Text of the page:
The primitive-brain component also explains the incongruences I constantly see in Twitter regarding moral. I want to believe that most people insulting, shaming, and humiliating others on Twitter believe that bullying is terrible in the real world or that workplace harassment is unacceptable, no matter how much they dislike the victim. And yet here they are, doing exactly that to other fellow human beings, laughing and cheering their beers while holding the torch on the other hand. It doesn't make sense unless you are a truly horrible person, and I don't think most people are. But it doesn't have to make sense because it's not rational; it's instinctual. 

One size for all

The book points out another trait of these outrages: they all have a similar size:

Whether it was a US president declaring war on a foreign country, or an actor not wearing the proper shade of a designated colour to an awards ceremony. On Twitter those problems become exactly the same size.

The fact that there is an abominable war going on as I write this makes this example even more evident. The first Twitter storms happened in extreme cases that provoked universal repulsion. Now, a mere intellectual disagreement can trigger them at full speed, typically after linking the dispute through a series of jumps to one of those scissor axioms. Again, the disproportion doesn't make sense, but it doesn't have to! We are moving in the irrational sphere of tribes drawing their boundaries in unnatural ways.

Your health and their goals

If anything, I hope this resonates with some people. Frequent outrages translate into being permanently angry, which is terrible for your mental and physical health, especially long-term. Social networks creators design them to encourage and make you succumb to these instincts so that they can profit. Your goals probably include being happy and healthy, while their goals include getting you engaged and showing you ads. It's a mismatch by design since social networks will never sacrifice virality on behalf of your well-being.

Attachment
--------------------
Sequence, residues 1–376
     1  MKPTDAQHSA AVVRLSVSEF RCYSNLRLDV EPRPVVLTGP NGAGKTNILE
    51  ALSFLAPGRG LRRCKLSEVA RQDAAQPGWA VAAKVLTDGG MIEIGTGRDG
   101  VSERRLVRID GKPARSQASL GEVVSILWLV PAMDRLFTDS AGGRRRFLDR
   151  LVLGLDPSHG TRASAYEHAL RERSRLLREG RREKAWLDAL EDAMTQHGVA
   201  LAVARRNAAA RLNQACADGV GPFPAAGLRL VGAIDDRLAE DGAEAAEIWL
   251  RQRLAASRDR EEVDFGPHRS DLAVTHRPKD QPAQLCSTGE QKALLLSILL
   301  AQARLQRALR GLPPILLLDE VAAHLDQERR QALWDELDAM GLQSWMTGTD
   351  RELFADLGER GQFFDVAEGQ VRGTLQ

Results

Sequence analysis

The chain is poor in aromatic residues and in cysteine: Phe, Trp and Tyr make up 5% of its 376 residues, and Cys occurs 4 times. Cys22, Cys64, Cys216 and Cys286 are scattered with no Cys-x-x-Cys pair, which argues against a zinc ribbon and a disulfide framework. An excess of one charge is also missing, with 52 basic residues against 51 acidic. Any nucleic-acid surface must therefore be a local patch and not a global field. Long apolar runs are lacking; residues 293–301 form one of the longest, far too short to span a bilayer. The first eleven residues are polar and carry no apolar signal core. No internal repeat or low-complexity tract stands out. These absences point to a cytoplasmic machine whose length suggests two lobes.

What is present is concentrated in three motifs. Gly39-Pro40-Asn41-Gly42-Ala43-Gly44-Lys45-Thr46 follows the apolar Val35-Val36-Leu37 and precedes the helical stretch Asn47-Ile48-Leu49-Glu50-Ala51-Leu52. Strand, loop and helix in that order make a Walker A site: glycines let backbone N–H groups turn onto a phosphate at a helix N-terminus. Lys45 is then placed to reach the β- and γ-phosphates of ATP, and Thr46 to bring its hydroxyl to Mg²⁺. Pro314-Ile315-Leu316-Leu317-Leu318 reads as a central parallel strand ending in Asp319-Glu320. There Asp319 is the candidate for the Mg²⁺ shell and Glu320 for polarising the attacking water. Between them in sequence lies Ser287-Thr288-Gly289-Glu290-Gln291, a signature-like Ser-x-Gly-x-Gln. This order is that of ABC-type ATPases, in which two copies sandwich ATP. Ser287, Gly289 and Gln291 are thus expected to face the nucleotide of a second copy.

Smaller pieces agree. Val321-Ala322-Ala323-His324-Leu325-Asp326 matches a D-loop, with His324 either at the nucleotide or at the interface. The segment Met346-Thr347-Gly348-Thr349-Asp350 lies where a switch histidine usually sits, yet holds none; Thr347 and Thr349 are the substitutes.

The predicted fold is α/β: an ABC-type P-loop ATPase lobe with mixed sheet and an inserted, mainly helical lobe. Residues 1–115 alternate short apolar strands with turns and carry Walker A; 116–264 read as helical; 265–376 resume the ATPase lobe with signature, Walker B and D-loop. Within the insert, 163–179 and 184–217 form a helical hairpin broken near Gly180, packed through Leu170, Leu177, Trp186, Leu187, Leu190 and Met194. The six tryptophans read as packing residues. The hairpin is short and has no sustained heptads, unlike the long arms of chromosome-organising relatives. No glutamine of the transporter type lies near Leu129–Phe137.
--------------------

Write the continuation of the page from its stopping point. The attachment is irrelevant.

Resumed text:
The possibility of long-term health consequences is scary. The first humans that ate themselves to death because they had access to endless food didn't have a clue. Do we know what being tribally outraged frequently and in a non-natural way can do to your mind and body? Al least we know what overexposure to cortisol does to your body, and it is no bueno


I see modern Twitter as such a dark place that I am interested in distilling the reasons that make it so, considering it has 400 million users. I already knew it was a great way to waste time (a minor sin), that it made me feel negative emotions, and that it was an addictive dopamine dispenser. Now I learned about another scientifically proven facet: it makes you angry and meaner towards other humans. What a wonderful product, huh? A net win for humanity.

I wonder if, eventually, these problems will be generally accepted and acted on. Maybe some regulation will make social networks show a banner warning about them, like in a cigarette pack. Or perhaps some healthy alternative appears that addresses these concerns and makes current Twitter look out of fashion. And, one can dream, future people might think that cyber-yelling something cruel or derogatory about another person is incorrect and socially unacceptable, just as it is in real life.

I hope that people will start learning and being aware of these issues. I certainly aim to provide my daughters with better information than the one I had when I first opened an account, which was essentially none.

Photo by Pelly Benassi on Unsplash

About Jorge Manrubia

A programmer who writes about software development and many other topics. I work at 37signals.